Intellect and empathy. Anna Deavere Smith credits her grandparents with instilling these qualities in her as a young girl growing up in Baltimore, Maryland. Now, as an actor and playwright, she relies on intellect and empathy to help her master myriad roles on stage and screen from hospital administrator Gloria Akalitus on Nurse Jackie to HBO’s Notes from the Field, in which she portrays 19 real-life individuals along the school-to-prison pipeline.
In particular, she remembers the conversations she would have with her grandfather and his guiding words: “If you say a word often enough it becomes you.”
As part of the USC Annenberg-HBO Diverse Voices Forum, Deavere Smith sat down with Vice Dean and Director of the School of Communication Sarah Banet-Weiser to talk about her craft and inspiration.
Deavere Smith delved into how she uses her one-woman plays to address issues of social injustice, drawing attention to the criminal justice system, racial inequity and police violence. For example, in addition to Notes from the Field, Deavere Smith also wrote Fires in the Mirror: Crown Heights, Brooklyn and Other Identities, focusing on the 1991 race riots in Crown Heights, Brooklyn, and the award-winning Twilight: Los Angeles, 1992, contextualizing the Rodney King uprising.
“I’m not an activist. I’m an artist,” Deavere Smith said. “I have to spend a lot of time thinking about this, writing this, learning this, feeling this. Maybe with HBO and Notes from the Field I have an opportunity to reach a more diverse audience.”
In Deavere Smith’s own words, here are several highlights from the discussion.
Merging an artist with a project for social change
I ended up in an acting class by fluke. At the time, I was in San Francisco, having grown up in Baltimore and educated in Philly, I was really there because I wanted to change the world and I thought the revolution was out there. In this acting class I was taking, people were changing.
I was like, “Wow, everybody’s changing. Maybe there is some type of science to this change that I should learn that I could apply to changing the world.” And then it just happened. It got clear that this is something I could do.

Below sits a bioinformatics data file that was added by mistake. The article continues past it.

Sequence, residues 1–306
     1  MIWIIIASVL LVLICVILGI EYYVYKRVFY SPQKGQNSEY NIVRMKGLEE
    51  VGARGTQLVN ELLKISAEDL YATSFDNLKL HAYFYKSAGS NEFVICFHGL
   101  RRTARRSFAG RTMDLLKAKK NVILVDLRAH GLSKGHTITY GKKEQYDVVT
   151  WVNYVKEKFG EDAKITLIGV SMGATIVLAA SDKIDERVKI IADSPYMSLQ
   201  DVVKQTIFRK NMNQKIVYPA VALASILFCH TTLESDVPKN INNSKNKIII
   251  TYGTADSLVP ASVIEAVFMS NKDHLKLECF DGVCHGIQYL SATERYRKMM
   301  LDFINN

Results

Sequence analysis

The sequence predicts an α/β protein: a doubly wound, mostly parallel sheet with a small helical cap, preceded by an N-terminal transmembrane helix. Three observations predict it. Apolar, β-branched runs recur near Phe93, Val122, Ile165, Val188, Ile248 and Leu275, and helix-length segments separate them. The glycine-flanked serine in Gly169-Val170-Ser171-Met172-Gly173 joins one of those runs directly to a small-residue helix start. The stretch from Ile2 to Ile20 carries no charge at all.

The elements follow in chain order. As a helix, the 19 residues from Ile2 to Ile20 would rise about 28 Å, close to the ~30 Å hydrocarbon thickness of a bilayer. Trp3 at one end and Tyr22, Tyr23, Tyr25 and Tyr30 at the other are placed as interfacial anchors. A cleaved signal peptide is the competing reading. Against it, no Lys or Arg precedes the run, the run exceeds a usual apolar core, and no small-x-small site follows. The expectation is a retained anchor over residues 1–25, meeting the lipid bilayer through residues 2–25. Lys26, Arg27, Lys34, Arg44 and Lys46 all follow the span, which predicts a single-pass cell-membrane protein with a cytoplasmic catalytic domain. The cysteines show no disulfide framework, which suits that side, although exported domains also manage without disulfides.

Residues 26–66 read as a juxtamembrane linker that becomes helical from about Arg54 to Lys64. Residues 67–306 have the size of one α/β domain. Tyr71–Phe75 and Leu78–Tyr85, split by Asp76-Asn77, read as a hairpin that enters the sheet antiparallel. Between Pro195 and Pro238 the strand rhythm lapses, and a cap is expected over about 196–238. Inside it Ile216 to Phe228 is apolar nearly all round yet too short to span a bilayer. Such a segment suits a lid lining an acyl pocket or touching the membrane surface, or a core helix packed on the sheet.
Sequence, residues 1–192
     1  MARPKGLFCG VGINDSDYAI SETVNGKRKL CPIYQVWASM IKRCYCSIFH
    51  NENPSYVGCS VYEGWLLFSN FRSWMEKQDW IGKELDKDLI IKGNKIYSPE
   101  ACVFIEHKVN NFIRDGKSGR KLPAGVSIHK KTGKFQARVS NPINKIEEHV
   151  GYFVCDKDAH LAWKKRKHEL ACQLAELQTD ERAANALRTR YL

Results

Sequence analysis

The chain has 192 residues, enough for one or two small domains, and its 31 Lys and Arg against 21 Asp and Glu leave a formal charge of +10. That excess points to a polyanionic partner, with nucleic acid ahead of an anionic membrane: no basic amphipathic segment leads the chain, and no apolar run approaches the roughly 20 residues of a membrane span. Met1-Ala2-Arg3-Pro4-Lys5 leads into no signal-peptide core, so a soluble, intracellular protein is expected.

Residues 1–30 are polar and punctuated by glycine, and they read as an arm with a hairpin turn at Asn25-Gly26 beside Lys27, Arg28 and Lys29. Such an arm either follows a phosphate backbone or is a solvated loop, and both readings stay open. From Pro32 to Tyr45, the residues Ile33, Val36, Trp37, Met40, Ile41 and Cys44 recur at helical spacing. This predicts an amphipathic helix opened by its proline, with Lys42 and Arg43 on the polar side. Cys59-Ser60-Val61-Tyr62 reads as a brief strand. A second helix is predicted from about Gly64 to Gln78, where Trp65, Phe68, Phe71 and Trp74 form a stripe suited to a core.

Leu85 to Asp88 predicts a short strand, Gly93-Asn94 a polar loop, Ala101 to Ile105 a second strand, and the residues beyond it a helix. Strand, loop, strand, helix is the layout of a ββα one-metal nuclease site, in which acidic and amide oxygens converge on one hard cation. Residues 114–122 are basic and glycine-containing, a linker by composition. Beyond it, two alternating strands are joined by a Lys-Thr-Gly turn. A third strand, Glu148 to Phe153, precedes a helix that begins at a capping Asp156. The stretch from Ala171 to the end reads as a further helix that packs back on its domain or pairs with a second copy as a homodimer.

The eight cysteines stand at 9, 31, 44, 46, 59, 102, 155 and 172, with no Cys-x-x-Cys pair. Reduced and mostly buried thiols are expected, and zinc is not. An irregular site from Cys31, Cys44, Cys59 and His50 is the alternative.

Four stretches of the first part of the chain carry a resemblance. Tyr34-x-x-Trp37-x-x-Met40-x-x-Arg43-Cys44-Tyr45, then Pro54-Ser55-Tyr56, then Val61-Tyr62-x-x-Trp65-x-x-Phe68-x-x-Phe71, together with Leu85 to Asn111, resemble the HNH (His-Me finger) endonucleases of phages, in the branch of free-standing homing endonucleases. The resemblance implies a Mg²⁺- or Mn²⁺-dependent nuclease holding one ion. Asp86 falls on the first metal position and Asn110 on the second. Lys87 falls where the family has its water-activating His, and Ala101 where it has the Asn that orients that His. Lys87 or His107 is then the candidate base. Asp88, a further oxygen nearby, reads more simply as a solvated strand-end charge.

I never lost that desire to try to change the world. I always thought that’s what I was doing even when I had to do little walk-on parts or whatever they were telling me to do…
Call to action
We come from a tradition of “call and response,” of shouts, field hollers and blue shouts. So, we sent this group of 500 people every single night out all over the theaters, director’s office, dressing rooms and on the lawn to talk about what they were going to do as a response.
We collected what people said, what they would do and had facilitators hold group discussions. The hardest part is, really, what question can you ask a group that’s meaningful. It could be, “What are you going to do?” and you’ll receive, “I'll tutor,” or “I'm going to write a check” or “I’m going to run for school board.”
We ended the production in Boston thinking it would be more constructive to ask people what their proximity is to these issues that we were discussing were. There’s a lot of activists now talking about proximity to the problem and I think that's the first place to start.
We need choir rehearsal. We need art to convene us to come out of our houses, out of social media. We need to be together with strangers and we need to be together with people who want to make a change.
Weight of history in contemporary interactions
I think that the knowledge of history is the opposite of hopelessness. You know some things about where you come from or if you’re interested in yourself as a person, that you are a continuum of narratives.
You’ll know things that happened in your past and some of those things could have been fantastic. Some of them could have been not fantastic, but when you understand that not fantastic thing, that’s what you need as a springboard to put yourself in the future. I think that history gives us a way of clarifying the situation so we know where to go and where not to go.